Sunday, October 9, 2016

Hacker Factor: Automated Gender Assumptions

Can algorithms hone in on a quality like gender? How accurate are forensic experts who analyze emails, letters, ransom notes, and the like to create a writer profile (age/gender/education level/etc.?)

I first came across the Hacker Factor online website when it was mentioned in a video discussing the unusual case of Karin Catherine 

In an effort to determine whether the posts on Karin's profile were in fact written by a female, samples of her writing were copied, pasted, and submitted for automatic analysis on Hacker Factor. The results came back as having most likely been written by a male. The woman behind the FB video had the same results. I've now joined their ranks.

The site gives you a (potentially arbitrary) 300 minimal word limit on the writing samples sent in for analysis. You can of course submit shorter samples, but the site warns that the longer the sample the more accurate the result may be. In addition, the site initally cautions that there could be inconsistencies in the analysis when looking at informal vs. formal writing vs. a combination thereof, or whether a female's writing sample (say, a news article,) was edited by a man.

First, I analyzed one of my most recently written poems, "This is Not a Dirge." It determined that informally, there was no chance I was a female, the results stated 100% male. Interestingly, a formal speech analysis indicated a "weak female" result, and further it presumed that my style weakly suggested a European background. 

I put other pieces of my writing through its faceless scrutiny - including a portion of one of my short plays, an art criticism article, and a recent article I wrote about Prince (particularly about my love for him and his countless philanthropic efforts.)

One of the outlier results of these analyses occurred when I submitted text from an informally written Facebook Messenger conversation regarding my budding research into the Chris Dorner case and my interest in the fascinating content of his manifesto - how well that would translate into a script and how interested I was in further exploring this material and perhaps writing my own manifesto (an edgy and angst-filled but accurate roman a clef) parts of which could be used as monologues - kind of like post-mortem gonzo method acting journalism plus mental illness theatre.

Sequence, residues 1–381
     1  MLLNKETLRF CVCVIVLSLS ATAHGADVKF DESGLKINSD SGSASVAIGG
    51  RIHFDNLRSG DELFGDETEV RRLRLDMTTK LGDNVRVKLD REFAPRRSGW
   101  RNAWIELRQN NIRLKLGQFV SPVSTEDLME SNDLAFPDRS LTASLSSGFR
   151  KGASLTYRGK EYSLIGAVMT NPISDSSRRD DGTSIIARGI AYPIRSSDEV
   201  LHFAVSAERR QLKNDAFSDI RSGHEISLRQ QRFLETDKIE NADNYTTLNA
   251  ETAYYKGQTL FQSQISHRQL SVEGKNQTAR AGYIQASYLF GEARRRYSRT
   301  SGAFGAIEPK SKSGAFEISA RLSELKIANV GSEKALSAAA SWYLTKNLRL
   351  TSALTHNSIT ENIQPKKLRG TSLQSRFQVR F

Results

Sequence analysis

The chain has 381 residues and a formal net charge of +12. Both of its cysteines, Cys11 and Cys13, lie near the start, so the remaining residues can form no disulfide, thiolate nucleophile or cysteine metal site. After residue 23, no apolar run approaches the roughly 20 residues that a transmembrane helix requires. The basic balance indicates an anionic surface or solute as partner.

I saved this conversation, this passage I wrote to a particular individual, because the person in question seemed ready to pounce on my idea and essentially steal it, a claim backed up by a recent FB post wherein this same individual now suddenly claimed that they were now looking into the case and manifesto. 

That's funny to me, though not in a "ha-ha" kind of way because this person never once mentioned Dorner's name in conversation, much less as an idea for a script or story, and I've known this person for nearly a decade - certainly since before the Dorner incident even broke. If you're reading this, you know who you are. I don't play games, nor will I be polite enough to spare you the embarassment and omit your name next time. Stay in your lane. Take this under strong advisement, so to speak. 

(I've posted screenshots of several of these results above.)

Hacker Factor is an interesting concept and I'm itching to know what criteria is used in the analysis. Even when I purposefully included more heartfelt passages from my Prince article my results (especially in the "formal writing" analysis) concluded male. 

The site boasts of an over 50% accuracy rating. Not in this gal's case, but an intriguing tool nonetheless.

I'll be looking into this site some more and posting a follow-up. For now, I hope your curiosity is sufficiently satiated. :)

To check it out for yourself, visit: